by John E. Gotts
Building, Installing, and Configuring sendmail 8.8.x
This is a copy of a Mini HOWTO on sendmail.
Attached is a patch for the Makefile.Linux that turns on TCP wrappers and makes a few other other harmless modifications. (With TCP wrappers enabled you can restrict remote access to your sendmail daemon according to the hosts_access(5) man page). (1) Assuming that you've saved it as sendmail.diff, apply it from the directory below sendmail-8.8.x with:
patch -p0 < sendmail.diffChange into the src directory and execute
./makesendmailsendmail should build without any problems.
Henceforth I'm going to assume that you just use TCP/IP electronic mail. UUCP support is beyond the scope of this document.Change into the cf/cf directory and create a new file, generic-linux2.mc:
divert(-1) divert(0)dnl VERSIONID(`@(#)generic-linux2.mc 8.8 (Local) 11/22/97') OSTYPE(linux)dnl FEATURE(nouucp)dnl MAILER(local)dnl MAILER(smtp)dnlIf you want to use masquerading, add the following two lines:
This means that all the e-mail that gets sent from your machine (except e-mail from root) will appear to have originated from the hostname that you specify. (This option is useful for people with intermittent network connections, i.e. users of SLIP and PPP, and for machines that have dynamically assigned IP addresses via BOOTP or DHCP). For sendmail versions 8.8.8 and newer, omit EXPOSED_USER(root) as it has become the default behavior.
If you want to use procmail as your local mailer (standard practice with Red Hat Linux), add:
FEATURE(local_procmail)dnlTransform "generic-linux2.mc" into a sendmail.cf file:
m4 ../m4/cf.m4 generic-linux2.mc > obj/sendmail.cfYou might need to comment out
in obj/sendmail.cf with a # sign as it appears to disrupt incoming e-mail on newer Linux distributions.Back up your old /etc/sendmail.cf file and install obj/sendmail.cf:
install -m 644 -o 0 -g 0 obj/sendmail.cf /etc/sendmail.cf
After you've installed your new sendmail.cf, kill the sendmail daemon, change back into the src directory, and execute:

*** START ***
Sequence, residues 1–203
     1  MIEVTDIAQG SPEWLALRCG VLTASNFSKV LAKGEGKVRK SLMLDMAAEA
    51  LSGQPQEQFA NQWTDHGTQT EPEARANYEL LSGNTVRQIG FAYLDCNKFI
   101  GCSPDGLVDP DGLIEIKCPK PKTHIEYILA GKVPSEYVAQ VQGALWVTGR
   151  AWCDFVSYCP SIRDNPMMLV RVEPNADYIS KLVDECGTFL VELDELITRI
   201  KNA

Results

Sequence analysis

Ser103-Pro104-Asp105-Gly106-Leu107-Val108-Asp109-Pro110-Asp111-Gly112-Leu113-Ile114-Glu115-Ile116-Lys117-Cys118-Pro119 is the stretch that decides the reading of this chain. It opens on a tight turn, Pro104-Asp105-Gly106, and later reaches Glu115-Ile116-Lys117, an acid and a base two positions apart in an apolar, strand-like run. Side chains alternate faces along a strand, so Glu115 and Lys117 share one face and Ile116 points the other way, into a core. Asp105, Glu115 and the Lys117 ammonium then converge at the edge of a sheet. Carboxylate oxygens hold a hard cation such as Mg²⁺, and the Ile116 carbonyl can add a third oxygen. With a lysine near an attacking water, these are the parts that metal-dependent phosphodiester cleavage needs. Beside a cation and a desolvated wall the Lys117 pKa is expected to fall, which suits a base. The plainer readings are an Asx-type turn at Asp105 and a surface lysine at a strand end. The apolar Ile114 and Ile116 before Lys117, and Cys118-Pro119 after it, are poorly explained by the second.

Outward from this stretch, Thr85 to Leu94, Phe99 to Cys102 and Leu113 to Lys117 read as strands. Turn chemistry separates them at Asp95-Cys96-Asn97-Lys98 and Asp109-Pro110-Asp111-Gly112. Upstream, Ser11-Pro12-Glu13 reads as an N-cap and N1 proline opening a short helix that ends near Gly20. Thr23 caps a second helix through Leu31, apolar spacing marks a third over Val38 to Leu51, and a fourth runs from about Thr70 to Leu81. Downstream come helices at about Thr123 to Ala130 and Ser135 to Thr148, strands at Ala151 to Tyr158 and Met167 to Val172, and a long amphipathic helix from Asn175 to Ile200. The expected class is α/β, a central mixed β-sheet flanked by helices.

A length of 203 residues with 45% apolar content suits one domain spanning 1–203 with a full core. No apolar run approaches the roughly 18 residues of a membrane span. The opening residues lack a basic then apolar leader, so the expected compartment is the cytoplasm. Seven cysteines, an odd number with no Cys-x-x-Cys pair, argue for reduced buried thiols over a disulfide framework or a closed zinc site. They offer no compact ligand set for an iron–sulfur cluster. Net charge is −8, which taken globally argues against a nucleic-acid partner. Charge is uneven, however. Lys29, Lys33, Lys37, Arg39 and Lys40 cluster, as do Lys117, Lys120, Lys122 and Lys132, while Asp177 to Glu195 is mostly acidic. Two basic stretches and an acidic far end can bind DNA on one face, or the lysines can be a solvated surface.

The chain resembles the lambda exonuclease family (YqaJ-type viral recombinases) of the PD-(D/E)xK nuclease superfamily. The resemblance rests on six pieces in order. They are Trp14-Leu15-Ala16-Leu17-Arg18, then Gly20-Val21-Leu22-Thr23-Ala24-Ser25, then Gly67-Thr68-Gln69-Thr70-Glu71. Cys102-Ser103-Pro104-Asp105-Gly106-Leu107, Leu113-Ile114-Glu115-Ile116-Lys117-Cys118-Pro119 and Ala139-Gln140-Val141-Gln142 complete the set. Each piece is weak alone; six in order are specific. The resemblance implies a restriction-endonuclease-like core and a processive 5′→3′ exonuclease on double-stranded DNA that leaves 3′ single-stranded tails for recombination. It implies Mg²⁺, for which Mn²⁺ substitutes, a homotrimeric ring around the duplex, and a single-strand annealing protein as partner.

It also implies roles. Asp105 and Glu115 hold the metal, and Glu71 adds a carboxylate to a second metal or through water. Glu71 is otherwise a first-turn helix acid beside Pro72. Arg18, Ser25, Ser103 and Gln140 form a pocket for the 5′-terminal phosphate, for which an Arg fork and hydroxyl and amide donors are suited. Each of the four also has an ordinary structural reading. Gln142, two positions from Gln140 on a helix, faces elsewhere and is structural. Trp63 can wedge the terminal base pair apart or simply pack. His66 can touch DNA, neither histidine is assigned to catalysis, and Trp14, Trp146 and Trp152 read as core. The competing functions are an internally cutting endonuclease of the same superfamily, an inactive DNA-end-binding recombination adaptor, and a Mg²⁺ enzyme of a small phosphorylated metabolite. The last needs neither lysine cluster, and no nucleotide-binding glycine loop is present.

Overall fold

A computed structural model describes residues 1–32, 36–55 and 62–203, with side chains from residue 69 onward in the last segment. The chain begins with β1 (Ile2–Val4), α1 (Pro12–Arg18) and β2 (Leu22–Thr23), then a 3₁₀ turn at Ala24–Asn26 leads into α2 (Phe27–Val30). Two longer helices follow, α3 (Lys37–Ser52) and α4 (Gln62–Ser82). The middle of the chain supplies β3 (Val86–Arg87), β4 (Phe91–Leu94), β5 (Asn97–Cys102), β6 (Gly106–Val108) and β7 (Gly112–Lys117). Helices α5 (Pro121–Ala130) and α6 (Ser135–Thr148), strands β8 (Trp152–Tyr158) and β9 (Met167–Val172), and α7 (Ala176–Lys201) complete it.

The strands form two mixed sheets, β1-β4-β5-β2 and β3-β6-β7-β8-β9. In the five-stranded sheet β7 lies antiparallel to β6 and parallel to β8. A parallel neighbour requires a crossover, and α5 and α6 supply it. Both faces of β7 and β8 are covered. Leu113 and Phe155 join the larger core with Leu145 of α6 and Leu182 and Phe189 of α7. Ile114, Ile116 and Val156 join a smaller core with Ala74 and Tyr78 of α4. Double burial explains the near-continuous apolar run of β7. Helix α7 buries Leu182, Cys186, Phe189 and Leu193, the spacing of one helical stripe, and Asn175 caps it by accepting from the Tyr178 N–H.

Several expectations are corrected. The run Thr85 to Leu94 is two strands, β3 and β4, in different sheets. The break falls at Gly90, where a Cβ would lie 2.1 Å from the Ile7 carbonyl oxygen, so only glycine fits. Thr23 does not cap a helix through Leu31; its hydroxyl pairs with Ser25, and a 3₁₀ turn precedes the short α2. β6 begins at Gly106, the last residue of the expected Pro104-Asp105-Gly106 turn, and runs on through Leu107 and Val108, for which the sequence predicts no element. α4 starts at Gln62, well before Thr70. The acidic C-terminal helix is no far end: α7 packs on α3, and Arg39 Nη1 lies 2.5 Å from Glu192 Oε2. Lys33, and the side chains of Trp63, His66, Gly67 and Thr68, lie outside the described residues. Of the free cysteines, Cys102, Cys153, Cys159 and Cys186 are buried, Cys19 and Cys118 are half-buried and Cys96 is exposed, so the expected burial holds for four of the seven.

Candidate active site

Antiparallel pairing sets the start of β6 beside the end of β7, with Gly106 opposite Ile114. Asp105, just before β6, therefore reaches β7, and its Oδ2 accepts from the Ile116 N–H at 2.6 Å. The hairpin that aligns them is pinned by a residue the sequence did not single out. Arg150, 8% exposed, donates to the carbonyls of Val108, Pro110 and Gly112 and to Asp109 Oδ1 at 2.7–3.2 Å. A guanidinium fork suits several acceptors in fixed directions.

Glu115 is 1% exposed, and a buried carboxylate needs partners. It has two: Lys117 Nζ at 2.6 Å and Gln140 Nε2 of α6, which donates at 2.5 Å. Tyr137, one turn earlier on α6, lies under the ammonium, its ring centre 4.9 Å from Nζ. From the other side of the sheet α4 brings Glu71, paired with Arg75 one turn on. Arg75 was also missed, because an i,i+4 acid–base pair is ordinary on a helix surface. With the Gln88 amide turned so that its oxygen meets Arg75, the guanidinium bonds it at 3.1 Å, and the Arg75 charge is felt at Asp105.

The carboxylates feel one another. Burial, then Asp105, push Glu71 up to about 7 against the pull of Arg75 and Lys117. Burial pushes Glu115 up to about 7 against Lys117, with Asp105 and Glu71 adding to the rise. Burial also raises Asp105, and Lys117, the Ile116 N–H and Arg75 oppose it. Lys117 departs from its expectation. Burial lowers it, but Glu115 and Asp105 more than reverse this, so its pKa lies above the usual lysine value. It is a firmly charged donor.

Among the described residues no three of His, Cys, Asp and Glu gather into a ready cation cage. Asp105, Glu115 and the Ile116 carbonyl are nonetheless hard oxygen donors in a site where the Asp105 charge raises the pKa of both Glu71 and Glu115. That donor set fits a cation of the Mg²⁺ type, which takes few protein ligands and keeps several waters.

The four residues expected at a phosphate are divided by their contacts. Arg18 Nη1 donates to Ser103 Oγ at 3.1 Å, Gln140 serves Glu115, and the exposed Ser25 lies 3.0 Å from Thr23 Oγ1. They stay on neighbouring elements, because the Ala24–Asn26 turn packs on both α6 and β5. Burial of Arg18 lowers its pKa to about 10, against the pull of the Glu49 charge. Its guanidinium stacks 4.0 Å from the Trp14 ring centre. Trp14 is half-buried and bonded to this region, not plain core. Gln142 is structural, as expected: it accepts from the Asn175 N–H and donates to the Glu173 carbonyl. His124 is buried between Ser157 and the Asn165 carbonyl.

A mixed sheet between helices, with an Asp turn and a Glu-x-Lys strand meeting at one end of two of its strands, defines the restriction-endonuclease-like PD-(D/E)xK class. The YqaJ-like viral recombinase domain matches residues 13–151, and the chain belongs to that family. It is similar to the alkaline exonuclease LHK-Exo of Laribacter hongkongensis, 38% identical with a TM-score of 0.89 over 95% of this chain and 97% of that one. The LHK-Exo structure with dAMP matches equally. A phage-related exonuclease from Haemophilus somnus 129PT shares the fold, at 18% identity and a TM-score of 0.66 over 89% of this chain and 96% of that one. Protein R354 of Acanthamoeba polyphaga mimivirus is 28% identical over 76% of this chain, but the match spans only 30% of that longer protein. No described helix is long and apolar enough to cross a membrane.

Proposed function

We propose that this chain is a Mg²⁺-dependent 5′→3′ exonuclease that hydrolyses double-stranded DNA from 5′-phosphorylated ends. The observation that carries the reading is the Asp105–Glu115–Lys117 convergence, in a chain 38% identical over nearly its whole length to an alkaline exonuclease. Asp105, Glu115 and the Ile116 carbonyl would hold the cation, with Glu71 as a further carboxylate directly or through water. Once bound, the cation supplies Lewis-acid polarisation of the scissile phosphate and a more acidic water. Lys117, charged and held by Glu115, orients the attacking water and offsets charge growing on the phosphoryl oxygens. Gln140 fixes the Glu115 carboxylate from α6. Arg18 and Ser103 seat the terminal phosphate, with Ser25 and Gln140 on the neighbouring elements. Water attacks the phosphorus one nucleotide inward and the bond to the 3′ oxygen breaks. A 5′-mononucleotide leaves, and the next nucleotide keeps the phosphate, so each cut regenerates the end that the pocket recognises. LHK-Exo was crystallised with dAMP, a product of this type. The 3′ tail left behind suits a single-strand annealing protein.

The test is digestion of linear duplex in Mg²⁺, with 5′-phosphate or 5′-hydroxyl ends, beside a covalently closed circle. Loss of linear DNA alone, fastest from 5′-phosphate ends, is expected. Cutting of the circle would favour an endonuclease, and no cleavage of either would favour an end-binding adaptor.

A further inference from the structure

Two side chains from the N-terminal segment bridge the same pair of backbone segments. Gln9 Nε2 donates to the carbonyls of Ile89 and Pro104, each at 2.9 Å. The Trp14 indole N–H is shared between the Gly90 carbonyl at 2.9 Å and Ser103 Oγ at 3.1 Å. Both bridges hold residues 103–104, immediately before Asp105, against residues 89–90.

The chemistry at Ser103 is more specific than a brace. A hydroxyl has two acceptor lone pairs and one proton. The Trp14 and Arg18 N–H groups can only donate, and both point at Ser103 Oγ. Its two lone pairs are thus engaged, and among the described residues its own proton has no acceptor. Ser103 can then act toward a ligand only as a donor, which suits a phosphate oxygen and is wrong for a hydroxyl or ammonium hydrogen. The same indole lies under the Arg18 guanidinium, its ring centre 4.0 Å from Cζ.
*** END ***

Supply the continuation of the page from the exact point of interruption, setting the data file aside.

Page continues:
cd obj.Linux.*.* ; make install
This will install the sendmail binary and symbolic links. You'll need to install the manual pages by hand.
If you haven't opted to use procmail, change into the main sendmail directory and type:
uudecode contrib/mail.local.linux mv mail.local mail.local.old tar zxvf mail.local.linux.tar.Z cd mail.local gcc -O3 -o mail.local mail.local.c strip mail.local install -m 2711 -o 0 -g mail mail.local /bin install -m 644 -o 0 -g 0 mail.local.8 /usr/man/man8
Your /var/spool/mail directory needs to be mode 775, owned by user root and group mail. Your mail clients need to be SGID mail (mode 2711 and owned by user root and group mail).
Now you should be ready to restart your sendmail daemon. Mine is started like this:
/usr/sbin/sendmail -bd -q1h
NOTE: Red Hat starts sendmail without its full path name. This can lead to problems such as preventing you from being able to HUP sendmail to cause it to reread its configuration file. To fix this, make sure /etc/rc.d/init.d/ sendmail.init starts sendmail as /usr/sbin/sendmail (with the same arguments).
If you have an intermittent connection, you might want to start sendmail in deferred mode:
/usr/sbin/sendmail -bd -o DeliveryMode=don boot and invoke sendmail as:
to deliver all deferred e-mail when you first connect to the network and periodically while you are connected (perhaps as a cron job).
At this point, you should test your new sendmail installation. Here's one way to do this:
% telnet localhost smtp Trying 127.0.0.1... Connected to localhost. Escape character is '^]'. 220 <hostname> ESMTP Sendmail 8.8.8/8.8.8; Fri, 22 Nov 1997 03:21:18 -0500 helo localhost 250 <hostname> Hello jgotts@localhost [127.0.0.1], pleased to meet you mail from: jgotts 250 jgotts... Sender ok rcpt to: jgotts 250 jgotts... Recipient ok data 354 Enter mail, end with "." on a line by itself This is a test. . 250 DAA23297 Message accepted for delivery
Also be sure to test that your e-mail clients still work and that you can still receive mail from the outside world.Footnotes:
While you're at it, you might as well also apply:
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2002-11-02, generated by lfparser version 2.34